Longform

Owl See You in Court

Page 4 of 9

They've appealed dozens of timber sales and grazing allotments; recently they appealed a grazing permit in pastures on the banks of the lake that provides drinking water to the city of Flagstaff, because cattle feces carries the deadly cryptosporidium parasite, which is so tiny it cannot be filtered out by conventional water treatment and so resilient that it cannot be killed by safe levels of chlorine.

And because of their work, they've received grants from the Turner and Harder and Levinson Foundations, the Center for Deep Ecology and Patagonia. Four years ago, they were a handful of hippies operating off of unemployment checks; now they claim a membership of 3,000 and a budget that has grown to $231,000.

Last October, Peter took a leave of absence from the center and moved to Flagstaff to be campaign director for the Southwest Forest Alliance, which is an umbrella for 50 separate environmental groups, including the Sierra Club and the Southwest Center for Biological Diversity.

"He works about 80 hours a week for us and then works on projects for the Southwest Center in his spare time," says Sharon Galbreath of the Sierra Club, who sits on the board of the Forest Alliance.

Kieran meanwhile, hobnobs with Washington bureaucrats and speaks before U.S. Senate committees. The New York Times calls him for quotes on wildland fires and other forest issues.

All of which is heady stuff. Behind his back, leaders of less-visible environmental groups worry that Kieran's ego may be growing in proportion to the amount of grant money he snags. And that when Kieran uses the pronoun "we," it's hard to tell whether he means the Southwest Center or the Southwest Center in conjunction with dozens of other grassroots groups. In the environmental world, it is bad form to take credit for group work, making it difficult to determine exactly where one or another impetus originated.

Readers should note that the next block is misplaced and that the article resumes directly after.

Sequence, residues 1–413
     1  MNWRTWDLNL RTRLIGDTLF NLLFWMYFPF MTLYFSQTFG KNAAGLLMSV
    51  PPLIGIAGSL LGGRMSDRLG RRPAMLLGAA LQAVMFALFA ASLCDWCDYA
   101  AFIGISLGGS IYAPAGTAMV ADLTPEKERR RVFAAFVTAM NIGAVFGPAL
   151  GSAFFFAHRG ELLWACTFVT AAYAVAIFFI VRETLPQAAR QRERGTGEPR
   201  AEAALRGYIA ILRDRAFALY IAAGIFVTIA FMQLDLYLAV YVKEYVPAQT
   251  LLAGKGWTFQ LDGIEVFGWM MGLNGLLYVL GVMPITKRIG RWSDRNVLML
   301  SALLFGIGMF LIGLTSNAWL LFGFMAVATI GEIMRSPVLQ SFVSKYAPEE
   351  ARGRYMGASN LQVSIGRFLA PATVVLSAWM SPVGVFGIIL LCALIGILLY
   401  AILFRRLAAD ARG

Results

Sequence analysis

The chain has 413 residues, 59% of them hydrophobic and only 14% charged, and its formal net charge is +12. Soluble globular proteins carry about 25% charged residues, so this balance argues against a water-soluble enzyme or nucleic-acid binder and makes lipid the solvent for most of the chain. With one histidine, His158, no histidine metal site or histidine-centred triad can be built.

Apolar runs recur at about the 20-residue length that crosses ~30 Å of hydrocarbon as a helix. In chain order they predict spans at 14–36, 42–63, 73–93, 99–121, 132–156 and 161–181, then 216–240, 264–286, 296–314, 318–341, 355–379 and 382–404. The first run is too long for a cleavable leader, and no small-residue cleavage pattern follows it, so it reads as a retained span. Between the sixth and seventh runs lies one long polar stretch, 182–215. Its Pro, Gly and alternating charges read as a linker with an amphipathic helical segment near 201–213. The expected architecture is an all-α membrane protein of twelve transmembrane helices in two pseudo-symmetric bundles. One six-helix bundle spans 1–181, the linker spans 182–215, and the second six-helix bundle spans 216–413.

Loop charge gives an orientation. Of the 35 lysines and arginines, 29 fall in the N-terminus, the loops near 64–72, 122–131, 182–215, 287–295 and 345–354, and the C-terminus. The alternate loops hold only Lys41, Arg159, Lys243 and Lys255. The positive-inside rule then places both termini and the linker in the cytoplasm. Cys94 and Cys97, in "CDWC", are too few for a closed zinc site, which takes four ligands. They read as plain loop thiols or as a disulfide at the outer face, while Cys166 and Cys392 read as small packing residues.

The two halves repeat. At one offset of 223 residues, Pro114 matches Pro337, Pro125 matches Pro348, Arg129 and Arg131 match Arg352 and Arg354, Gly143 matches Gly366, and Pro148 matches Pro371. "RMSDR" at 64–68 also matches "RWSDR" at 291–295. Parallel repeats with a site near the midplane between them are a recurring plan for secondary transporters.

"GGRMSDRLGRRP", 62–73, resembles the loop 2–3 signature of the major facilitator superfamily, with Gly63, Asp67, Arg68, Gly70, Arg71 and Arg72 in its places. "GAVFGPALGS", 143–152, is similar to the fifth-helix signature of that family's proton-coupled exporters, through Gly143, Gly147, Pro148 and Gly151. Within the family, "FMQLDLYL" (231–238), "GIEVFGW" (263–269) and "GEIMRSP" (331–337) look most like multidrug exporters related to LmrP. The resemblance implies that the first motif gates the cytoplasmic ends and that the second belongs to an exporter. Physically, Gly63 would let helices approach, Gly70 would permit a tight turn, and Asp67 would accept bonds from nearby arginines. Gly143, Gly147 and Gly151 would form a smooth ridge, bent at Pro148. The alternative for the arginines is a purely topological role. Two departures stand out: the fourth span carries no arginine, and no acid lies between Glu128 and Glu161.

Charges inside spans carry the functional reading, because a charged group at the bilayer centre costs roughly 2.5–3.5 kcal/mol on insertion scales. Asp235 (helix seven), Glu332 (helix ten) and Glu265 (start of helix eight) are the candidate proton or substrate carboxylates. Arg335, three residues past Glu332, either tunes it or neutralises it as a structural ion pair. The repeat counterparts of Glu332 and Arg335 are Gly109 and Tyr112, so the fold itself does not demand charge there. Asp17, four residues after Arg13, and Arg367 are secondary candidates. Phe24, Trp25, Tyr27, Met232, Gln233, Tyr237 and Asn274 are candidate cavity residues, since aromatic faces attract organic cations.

The lawsuits are usually cooperative ventures even if the center's name goes first on the paperwork.

The white papers are contracted by the Forest Alliance.
"We pay them to do that work," says Sharon Galbreath, a bit uncomfortable with the assumption that they are Kieran's thoughts as opposed to the collective thoughts of the Forest Alliance.

But because they are willing to live like penniless monks, Kieran and Peter can work full time on environmental issues, unlike the majority of grassroots environmentalists, whose time is consumed by jobs and families.

Some of the Endangered Species Act listings included in the center's promotional material were actually filed by Dr. Robin Silver while he was affiliated with the Maricopa Audubon Society and before he was formally part of the Southwest Center.

Silver gave tens of thousands of dollars to Kieran and Peter in the years before the grants started flowing in. He is renowned for his own exhaustive--some would say fanatical--research and activism. But he is happy to let Kieran and Peter take the credit. He has other promises to keep: a medical career to tend to, and his race for Congress in the Republican primary against the antienvironmentally opinionated John Shadegg ("Silver Versus Shadegg. Rad," July 11). And although Silver has no desire to live their lifestyle, he has great respect and admiration for them.

"They're the heroes of the future," he says.

Kieran Suckling is often identified in the press as a biologist. Technically, he is not. If and when he finishes a long overdue dissertation, he will earn a Ph.D. in philosophy.

His first name is Irish, like his mother, his last name, English, like his father. He was the first in his family to be born in the United States, in Boston, to be precise, but his family moved out of the country while he was an infant.

Kieran's father was an engineer who built power plants, and after his work was finished in Boston, he took his family to the next project in Peru. As a toddler, Kieran spoke more Spanish than English. But after the family moved back to the States, the Spanish left him, irretrievably, like some lost computer file.

Because his father was an engineer, and his brother became an engineer, it was assumed that Kieran would be one, too.

His uncle was a Jesuit, and he gave Kieran the run of his private library. Kieran borrowed the entire philosophy department. After three years of studying engineering, he switched his major to philosophy.

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Michael Kiefer